Nigel Goodwin speaks to Union community on topic of arts and faith

Nigel Goodwin, a United Kingdom native from the Genesis Artist Trust, discusses the importance of encouraging a child's creativeness during the Town and Gown class. | Photo by Beth Spain

By Katherine Pullen

Nigel Goodwin, executive director of Genesis Arts Trust, joins the Union community April 4–9 for several speaking engagements discussing convergence of the arts and the Christian faith.

Goodwin will speak April 8–9 at the ACT Conference in the Carl Grant Events Center. The conference features a variety of speakers with experience in the arts and the Christian church who will discuss the intersection of arts, culture and theology.

Goodwin is a graduate of the Royal Academy of Dramatic Art and has worked in the arts for more than 40 years. He founded Genesis Arts Trust, an international ministry focused on encouraging and supporting Christians in the arts. He is also a founder of the London Arts Centre Group and a trustee of the C.S. Lewis Foundation. He and his wife live on the Isle of Wight in England and have three grown daughters.

During chapel service April 6, Goodwin invited Union students to the stage to perform a short skit. As Goodwin began to speak, Zac Benson, visiting art student from the University of Tennessee, worked a pottery wheel at the back of the stage and fashioned a large ceramic pot before the end of the 45-minute service.

Goodwin challenged students to “give the clay back to the potter.” He spoke about the process of sanctification and the importance of creativity and passion in living out the Christian faith.

On April 4, Goodwin spoke on the subject of “Children and the Arts” as part of Union’s Town and Gown series on the welfare of children in communities.

“We’ve got to teach our children how to look, how to see,” Goodwin said. “(We must teach them) what they’re seeing, what they’re looking at (and) how to stand in this world — stand tall in this world — and become adults in this world.”

Goodwin talked about the role of the church in engaging the culture and creating a better future for today’s children.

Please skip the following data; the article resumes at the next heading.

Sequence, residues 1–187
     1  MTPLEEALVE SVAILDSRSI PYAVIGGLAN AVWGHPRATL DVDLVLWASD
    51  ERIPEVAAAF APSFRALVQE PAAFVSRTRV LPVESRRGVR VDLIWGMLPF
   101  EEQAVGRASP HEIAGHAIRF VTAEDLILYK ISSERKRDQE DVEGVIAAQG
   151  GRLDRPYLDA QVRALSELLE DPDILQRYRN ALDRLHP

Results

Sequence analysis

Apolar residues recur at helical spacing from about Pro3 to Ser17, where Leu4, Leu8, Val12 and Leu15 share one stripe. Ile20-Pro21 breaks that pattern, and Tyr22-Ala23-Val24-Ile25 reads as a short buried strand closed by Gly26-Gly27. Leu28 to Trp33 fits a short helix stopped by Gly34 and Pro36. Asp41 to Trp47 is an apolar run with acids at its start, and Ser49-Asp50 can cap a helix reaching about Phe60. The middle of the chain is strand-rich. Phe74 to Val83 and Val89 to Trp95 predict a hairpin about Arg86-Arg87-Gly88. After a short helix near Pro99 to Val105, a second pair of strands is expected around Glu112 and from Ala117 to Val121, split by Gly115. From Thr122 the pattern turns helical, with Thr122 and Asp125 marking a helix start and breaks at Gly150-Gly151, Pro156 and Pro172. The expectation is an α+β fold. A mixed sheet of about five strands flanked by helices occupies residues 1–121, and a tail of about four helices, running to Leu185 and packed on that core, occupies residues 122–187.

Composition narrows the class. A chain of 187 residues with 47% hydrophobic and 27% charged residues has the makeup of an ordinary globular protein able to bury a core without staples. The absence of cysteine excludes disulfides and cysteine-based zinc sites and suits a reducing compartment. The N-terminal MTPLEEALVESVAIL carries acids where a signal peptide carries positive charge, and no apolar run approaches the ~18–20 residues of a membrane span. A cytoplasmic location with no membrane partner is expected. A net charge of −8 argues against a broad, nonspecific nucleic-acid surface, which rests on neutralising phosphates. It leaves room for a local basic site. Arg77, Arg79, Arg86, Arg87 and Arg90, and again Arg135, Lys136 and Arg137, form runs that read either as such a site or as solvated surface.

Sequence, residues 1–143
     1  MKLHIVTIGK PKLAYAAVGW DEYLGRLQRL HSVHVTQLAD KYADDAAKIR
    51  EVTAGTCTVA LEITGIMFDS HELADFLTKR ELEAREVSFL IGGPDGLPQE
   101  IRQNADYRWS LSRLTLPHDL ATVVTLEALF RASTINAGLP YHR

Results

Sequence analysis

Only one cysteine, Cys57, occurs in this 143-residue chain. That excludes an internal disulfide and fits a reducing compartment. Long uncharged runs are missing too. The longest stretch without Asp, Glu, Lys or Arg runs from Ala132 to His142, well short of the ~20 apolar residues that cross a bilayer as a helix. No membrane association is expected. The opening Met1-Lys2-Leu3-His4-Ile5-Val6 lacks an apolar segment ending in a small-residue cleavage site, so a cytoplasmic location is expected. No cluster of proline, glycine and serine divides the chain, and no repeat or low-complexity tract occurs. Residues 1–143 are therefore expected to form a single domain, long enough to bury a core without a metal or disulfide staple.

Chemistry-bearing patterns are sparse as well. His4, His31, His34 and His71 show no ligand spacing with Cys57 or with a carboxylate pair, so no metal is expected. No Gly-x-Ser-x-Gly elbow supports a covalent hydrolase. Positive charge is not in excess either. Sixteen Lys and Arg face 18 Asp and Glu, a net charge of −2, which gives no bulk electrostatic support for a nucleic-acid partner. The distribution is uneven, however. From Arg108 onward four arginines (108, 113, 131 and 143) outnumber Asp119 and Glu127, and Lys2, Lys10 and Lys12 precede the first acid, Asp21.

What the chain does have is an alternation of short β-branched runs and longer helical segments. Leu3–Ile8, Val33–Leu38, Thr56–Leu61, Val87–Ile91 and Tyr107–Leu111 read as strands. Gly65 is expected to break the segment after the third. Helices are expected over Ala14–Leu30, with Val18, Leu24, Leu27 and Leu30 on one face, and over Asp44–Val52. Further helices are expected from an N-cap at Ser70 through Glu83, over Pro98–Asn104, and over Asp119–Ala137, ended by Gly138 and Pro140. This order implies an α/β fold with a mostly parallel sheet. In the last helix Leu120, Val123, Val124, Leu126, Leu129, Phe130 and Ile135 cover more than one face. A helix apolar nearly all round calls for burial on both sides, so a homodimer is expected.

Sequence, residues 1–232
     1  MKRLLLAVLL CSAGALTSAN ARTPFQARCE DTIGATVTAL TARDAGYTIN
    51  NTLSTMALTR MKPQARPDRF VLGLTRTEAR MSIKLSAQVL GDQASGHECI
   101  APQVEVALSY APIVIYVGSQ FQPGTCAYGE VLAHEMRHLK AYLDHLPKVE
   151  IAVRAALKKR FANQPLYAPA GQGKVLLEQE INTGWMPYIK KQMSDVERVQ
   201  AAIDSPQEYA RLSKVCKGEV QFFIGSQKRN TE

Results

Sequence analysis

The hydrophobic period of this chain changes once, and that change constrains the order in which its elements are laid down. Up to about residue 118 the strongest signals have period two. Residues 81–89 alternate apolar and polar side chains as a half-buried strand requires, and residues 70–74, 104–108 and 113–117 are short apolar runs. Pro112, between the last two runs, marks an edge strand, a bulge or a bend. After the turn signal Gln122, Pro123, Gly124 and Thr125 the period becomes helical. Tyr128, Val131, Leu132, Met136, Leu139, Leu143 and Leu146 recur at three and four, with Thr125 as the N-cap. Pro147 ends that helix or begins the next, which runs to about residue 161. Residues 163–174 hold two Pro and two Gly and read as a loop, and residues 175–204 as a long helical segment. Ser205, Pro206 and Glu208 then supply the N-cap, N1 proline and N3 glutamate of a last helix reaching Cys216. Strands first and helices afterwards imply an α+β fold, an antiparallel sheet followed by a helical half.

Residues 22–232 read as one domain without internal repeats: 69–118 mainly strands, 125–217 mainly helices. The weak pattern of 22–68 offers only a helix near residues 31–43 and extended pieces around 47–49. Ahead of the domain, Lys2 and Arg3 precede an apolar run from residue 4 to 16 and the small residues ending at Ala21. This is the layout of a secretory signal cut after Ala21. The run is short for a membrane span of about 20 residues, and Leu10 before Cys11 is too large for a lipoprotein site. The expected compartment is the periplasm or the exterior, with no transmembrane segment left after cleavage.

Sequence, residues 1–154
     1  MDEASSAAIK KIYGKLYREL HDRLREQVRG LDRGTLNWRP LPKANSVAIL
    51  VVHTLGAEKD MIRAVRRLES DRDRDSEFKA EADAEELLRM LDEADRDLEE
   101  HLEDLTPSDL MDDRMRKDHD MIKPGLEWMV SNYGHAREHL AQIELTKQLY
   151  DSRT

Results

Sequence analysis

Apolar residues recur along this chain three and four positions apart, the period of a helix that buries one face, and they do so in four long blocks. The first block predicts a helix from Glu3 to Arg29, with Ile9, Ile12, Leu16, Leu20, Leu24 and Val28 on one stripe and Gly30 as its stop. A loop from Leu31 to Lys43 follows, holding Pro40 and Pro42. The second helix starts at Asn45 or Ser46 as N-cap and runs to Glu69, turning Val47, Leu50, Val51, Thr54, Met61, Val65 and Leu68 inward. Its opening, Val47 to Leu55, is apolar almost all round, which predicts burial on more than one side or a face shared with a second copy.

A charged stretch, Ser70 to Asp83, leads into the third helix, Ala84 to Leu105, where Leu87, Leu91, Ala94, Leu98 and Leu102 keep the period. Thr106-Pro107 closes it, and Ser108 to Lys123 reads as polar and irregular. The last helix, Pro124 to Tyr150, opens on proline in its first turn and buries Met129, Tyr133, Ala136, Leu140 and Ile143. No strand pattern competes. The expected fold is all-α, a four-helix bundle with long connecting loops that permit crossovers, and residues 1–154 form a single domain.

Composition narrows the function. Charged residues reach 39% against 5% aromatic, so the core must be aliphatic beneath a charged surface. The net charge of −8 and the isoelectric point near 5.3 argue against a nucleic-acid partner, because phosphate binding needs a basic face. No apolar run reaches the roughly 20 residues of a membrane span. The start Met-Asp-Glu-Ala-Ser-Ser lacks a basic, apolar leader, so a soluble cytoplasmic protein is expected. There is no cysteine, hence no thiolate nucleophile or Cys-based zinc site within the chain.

“We need to keep renewing ourselves in the community, revisiting some things in the community,” he said. “What worked 20 years ago may not work today.”

Also on April 4, Goodwin spoke to the “C.S. Lewis, J.R.R. Tolkien and the Inklings” class at Union when the lesson was interrupted by tornado warnings, forcing everyone downstairs. As other classes and people came into the shelter to wait out the storm, Goodwin continued to speak passionately on Lewis’s fictional book, “The Screwtape Letters,” and the workings of Satan in the world.

“It was amazing that he was, under the circumstances, still so authoritative and captivating to sit and listen to,” said Grant Kelley, junior history major.

Kelley quoted his favorite part of Goodwin’s talk, “‘Get behind the words and see the theater of it. See the dynamics and see what’s really going on.’” He said listening to Goodwin has made him think more deeply about stories in books and scripture and listen more carefully to people to “understand what’s going on behind what they’re saying.”

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The Cardinal & Cream is a student publication of Union University in Jackson, Tennessee. Our staff ranges from freshmen to seniors and includes a variety of majors — including journalism, public relations, advertising, marketing, digital media studies, graphic design and art majors.